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Do You Think the US Is Facing Another Depression?

Do You Think the US Is Facing Another Depression?

The CNN/Opinion Research Corp polled 1,000 people over the weekend in a survey asking if the respondents think another economic depression is likely to happen in the US. The pollsters gave respondents the following facts about the Great Depression of the 1930s before collecting their answers: Unemployment reached 25 percent, there were widespread bank failures, and millions of Americans were homeless and hungry.

Of the 1,000 responses, only 13 percent believe another depression is not likely at all, 29 percent feel it's not very likely, 38 percent said it is somewhat likely, and 21 percent said a depression is very likely. In an effort to see if the respondents gave answers reflective of a larger population, I'm asking you the same question: Do you think it's likely another depression will occur in the US?

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kathili kathili 7 years
I feel like the institutions that have been in place since the Great Depression and our financial markets/systems the way they are now wouldn't really allow such an extreme depression to happen again, but I'm no financial expert..
fancifulfabi fancifulfabi 7 years
The media only exacerbates the problem by talking about it like it's the Apocalypse. I think we are definitely in a Recession, but we just have to ride it out and remember that low points are inevitably followed by economic boom.Some of us if we're lucky enough can seriously take advantage of this by purchasing cheap stocks and affordable homes while the time is ripe, because their values will eventually go up and since we're young we'll have plenty of time to sit on them!
Britney-Kayla Britney-Kayla 7 years
going to get*
Britney-Kayla Britney-Kayla 7 years
I'm with you on that Hippiecowgirl. I'm a little scared but I don't think it's going to great that drastic.
Spectra Spectra 7 years
Like others said, the government has put many programs into place that weren't there before the Great Depression, so I highly doubt we'll ever get that low again. However, the economy IS definitely in a downslide and that's fairly normal. In the Great Depression, the unemployment rate was HUGE and people were having trouble buying food and other basic supplies. But some of the hallmarks of a bad economy are definitely present: People aren't buying things like cars, appliances, furniture, etc. that can probably wait a few years. So yeah, we're in a recession but I think we've learned enough from history to prevent a full-on depression from happening again.
TxRdRaider TxRdRaider 7 years
I agree Piper! But I think syako got it right. Yes, we are in a bad time right now, but it's all cyclical and we will come out of this, it isn't nearly as bad as they are making it out to be. Our economy is still moving forward, just at a much, much slower pace than we are used to. http://www.bizjournals.com/dayton/stories/2008/09/29/daily34.html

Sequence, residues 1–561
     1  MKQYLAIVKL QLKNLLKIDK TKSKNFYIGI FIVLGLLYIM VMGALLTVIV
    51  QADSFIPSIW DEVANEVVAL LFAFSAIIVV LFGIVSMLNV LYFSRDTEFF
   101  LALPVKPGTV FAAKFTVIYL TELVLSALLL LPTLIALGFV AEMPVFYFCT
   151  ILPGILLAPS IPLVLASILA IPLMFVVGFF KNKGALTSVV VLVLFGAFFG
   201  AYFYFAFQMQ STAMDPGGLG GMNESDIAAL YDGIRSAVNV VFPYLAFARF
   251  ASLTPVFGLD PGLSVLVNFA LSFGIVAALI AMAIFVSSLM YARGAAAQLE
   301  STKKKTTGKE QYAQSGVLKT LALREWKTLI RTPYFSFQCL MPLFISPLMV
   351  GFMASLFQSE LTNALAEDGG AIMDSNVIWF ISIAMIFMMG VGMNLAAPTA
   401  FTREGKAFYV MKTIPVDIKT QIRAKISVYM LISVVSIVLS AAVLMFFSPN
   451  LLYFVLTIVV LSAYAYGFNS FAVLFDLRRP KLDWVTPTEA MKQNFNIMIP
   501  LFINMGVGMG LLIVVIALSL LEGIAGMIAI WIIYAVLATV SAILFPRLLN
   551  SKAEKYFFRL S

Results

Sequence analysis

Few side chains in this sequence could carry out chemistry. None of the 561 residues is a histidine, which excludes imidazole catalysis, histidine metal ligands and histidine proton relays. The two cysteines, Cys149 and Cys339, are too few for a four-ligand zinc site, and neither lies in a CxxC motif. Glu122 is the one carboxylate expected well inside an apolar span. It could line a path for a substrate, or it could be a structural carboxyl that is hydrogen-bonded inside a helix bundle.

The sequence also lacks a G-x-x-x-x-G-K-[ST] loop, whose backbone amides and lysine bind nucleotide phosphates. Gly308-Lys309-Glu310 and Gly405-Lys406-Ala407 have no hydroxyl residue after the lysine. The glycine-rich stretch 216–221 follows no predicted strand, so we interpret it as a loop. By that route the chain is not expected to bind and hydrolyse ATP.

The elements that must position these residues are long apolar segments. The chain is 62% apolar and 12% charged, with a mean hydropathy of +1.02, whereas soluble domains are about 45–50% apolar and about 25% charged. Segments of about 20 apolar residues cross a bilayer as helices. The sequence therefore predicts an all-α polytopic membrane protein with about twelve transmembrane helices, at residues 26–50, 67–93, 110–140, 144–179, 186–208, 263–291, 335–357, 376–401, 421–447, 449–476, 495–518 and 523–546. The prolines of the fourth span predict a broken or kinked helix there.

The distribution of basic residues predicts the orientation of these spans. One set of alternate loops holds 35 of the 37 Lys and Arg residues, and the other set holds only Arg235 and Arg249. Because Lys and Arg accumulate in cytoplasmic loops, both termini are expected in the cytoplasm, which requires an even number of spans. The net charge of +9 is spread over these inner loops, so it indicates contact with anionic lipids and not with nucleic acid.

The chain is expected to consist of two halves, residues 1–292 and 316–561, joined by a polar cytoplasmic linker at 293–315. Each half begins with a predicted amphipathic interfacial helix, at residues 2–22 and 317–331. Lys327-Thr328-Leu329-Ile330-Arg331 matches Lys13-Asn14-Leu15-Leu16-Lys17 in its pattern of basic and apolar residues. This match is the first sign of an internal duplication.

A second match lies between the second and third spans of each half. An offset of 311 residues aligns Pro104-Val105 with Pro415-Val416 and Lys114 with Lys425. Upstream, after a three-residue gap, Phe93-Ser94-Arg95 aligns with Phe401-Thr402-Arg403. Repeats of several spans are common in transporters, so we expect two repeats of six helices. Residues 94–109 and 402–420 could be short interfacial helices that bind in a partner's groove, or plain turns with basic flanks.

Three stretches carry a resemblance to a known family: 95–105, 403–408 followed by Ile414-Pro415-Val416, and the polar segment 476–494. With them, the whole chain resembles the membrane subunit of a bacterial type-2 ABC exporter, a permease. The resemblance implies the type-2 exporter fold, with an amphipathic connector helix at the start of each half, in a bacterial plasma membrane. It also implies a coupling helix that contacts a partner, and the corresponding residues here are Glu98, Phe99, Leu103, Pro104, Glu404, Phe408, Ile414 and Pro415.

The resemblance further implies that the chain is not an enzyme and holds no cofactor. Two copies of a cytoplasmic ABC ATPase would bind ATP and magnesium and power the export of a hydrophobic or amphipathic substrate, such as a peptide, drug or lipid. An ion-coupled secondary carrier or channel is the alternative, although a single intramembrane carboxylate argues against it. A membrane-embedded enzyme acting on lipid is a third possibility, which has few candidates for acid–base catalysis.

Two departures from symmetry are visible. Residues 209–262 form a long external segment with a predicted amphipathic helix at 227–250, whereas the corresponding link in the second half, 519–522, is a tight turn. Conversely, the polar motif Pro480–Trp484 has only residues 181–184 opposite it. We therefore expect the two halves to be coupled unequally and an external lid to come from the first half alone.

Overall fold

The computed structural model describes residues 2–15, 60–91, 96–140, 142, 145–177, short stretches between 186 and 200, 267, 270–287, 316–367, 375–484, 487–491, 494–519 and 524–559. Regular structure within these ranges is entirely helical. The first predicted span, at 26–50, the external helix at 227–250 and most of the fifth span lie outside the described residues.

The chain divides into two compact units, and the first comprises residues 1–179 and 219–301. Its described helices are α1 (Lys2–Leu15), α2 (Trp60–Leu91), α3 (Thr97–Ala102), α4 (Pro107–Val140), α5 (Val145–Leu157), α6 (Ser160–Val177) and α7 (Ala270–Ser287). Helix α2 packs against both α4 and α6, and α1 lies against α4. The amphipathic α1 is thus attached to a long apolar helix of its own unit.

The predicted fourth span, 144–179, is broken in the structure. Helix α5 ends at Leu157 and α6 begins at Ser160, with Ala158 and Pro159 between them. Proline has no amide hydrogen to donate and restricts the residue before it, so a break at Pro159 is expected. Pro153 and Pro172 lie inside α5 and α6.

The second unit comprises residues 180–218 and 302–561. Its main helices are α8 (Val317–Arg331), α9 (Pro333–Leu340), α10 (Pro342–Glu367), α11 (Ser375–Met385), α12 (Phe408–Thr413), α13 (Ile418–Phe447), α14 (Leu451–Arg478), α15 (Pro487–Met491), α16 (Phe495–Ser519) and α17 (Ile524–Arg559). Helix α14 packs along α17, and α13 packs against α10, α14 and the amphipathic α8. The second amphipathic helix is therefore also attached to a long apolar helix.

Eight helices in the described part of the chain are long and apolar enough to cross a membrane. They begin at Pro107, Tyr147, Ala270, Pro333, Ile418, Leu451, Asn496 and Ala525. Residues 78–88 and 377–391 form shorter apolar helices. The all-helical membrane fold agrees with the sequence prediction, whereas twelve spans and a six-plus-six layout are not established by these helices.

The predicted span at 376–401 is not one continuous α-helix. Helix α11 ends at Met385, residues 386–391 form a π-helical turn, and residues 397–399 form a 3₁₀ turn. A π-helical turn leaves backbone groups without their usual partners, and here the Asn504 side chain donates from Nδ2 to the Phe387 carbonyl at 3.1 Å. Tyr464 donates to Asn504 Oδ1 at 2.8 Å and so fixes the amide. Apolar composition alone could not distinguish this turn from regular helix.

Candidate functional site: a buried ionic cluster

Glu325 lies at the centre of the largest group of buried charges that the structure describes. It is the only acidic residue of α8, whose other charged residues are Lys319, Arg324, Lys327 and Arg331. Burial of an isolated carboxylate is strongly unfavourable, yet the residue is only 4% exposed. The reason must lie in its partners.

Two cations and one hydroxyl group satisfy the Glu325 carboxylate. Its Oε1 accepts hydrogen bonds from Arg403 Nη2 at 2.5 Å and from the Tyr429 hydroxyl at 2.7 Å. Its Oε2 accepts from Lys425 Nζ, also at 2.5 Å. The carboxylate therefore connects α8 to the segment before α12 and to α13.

heartbreakerx62x heartbreakerx62x 7 years
Things are never as good as they seem, and are never as bad either
syako syako 7 years
well if it teaches people to live within their means and not their "lush but can't afford it" lifestyles... the so be it...
Beauty Beauty 7 years
I think we're nearly in a recession, but not a depression. Like Juju said, in the Great Depression, lots of families couldn't afford food/clothing/shelter. (My dad, born in 1930, ate a LOT of beans growing up.) So we're nowhere *near* that, plus (as Psterling said) we have insured bank accounts and Social Security. The difficult thing is, we are nowhere NEAR seeing the effects of all of these bank failures. It's going to get worse, folks, before it gets better. And I think our "better" will be very different from the plush lifestyles some Americans have been used to. Just my two cents .
Beauty Beauty 7 years
I think we're nearly in a recession, but not a depression. Like Juju said, in the Great Depression, lots of families couldn't afford food/clothing/shelter. (My dad, born in 1930, ate a LOT of beans growing up.) So we're nowhere *near* that, plus (as Psterling said) we have insured bank accounts and Social Security. The difficult thing is, we are nowhere NEAR seeing the effects of all of these bank failures. It's going to get worse, folks, before it gets better. And I think our "better" will be very different from the plush lifestyles some Americans have been used to. Just my two cents .
juju4 juju4 7 years
It depends on what you consider a depression.I don't think that we will go back to having 25% unemployment, but it is definitely going to get worse than it is right now. Right now we are at something like 6.1%. I could see it getting to 10% or so.....but it would have to more than double that to be as bad as it was in the depression. I do think that there is a tendancy to be dramatic about the economy. Yes, times are tight and are going to get worse, but I think it is severly effecting a relatively small population right now. Meaning, most of us are cutting back on the unnecessary stuff, but we don't see middle class americans starving and going homeless. We've still got it so much better than those poor folks that lived through the depression. I don't want to belittle the tough times they went through by comparing it to ours. Back in the depression, many many families couldn't afford the basics of food, clothing and shelter.